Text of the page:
Mr Danish Channa

Shah Abdul Latif Bhitai Welfare Society-Pakistan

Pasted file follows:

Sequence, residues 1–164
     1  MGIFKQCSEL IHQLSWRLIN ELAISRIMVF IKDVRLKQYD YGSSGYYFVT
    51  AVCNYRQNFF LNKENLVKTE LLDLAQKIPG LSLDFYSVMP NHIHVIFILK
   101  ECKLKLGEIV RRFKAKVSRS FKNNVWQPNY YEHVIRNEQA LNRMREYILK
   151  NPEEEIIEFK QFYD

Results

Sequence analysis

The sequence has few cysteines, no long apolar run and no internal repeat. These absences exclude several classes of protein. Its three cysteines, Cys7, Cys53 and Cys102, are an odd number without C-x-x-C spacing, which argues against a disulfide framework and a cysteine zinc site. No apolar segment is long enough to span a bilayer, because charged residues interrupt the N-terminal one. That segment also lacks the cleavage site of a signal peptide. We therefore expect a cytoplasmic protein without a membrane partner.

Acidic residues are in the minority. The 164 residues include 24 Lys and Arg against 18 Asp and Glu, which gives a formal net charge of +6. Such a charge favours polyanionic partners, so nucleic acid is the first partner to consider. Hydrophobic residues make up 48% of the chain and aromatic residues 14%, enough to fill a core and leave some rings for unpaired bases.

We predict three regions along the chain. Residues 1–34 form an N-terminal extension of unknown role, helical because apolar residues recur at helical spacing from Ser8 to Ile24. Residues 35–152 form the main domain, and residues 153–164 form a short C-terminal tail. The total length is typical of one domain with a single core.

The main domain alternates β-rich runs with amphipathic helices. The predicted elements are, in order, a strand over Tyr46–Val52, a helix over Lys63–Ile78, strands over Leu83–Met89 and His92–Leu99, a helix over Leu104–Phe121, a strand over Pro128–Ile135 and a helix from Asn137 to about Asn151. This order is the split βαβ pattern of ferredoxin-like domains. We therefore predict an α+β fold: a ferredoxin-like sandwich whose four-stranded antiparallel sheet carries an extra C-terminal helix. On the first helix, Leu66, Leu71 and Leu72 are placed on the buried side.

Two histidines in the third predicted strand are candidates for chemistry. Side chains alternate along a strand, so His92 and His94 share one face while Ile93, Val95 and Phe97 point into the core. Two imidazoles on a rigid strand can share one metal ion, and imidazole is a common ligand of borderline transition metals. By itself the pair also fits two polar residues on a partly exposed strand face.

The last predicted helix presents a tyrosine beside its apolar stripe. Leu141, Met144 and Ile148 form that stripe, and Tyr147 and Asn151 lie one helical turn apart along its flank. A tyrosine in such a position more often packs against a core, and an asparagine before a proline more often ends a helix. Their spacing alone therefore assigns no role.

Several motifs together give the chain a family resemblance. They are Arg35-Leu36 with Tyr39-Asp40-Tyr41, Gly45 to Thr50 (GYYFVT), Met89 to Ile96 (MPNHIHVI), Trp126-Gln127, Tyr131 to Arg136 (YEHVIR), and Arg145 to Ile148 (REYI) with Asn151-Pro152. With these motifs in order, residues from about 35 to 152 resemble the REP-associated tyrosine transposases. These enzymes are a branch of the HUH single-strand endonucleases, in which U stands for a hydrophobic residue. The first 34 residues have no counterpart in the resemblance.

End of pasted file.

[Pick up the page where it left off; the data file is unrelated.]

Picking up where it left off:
The low social and economic status of rural women and their significant contribution to the household and village economies in most areas of Pakistan are well known facts though not as well documented. It is generally agreed that their concerns and problems should be integrated into all rural development plans and programmes since their equal partnership with men alone can ensure a balanced development of society. Field visits have shown that the oft-cited constraints on women’s involvement in the development process can be overcome. There has been significant progress in terms of changes in the attitudes of men to gender segregation, as is evident from the growing demand for education for girls. Education can and will make a big difference in the lives of women as well as in their relationships with men as equal partners. Similarly, with the rapid expansion of male education in the villages, there are clear signs of change in attitudes to the protection of female health and family size. It is fair to say that in many rural communities the constraints on female education and health care are on the supply and not demand side.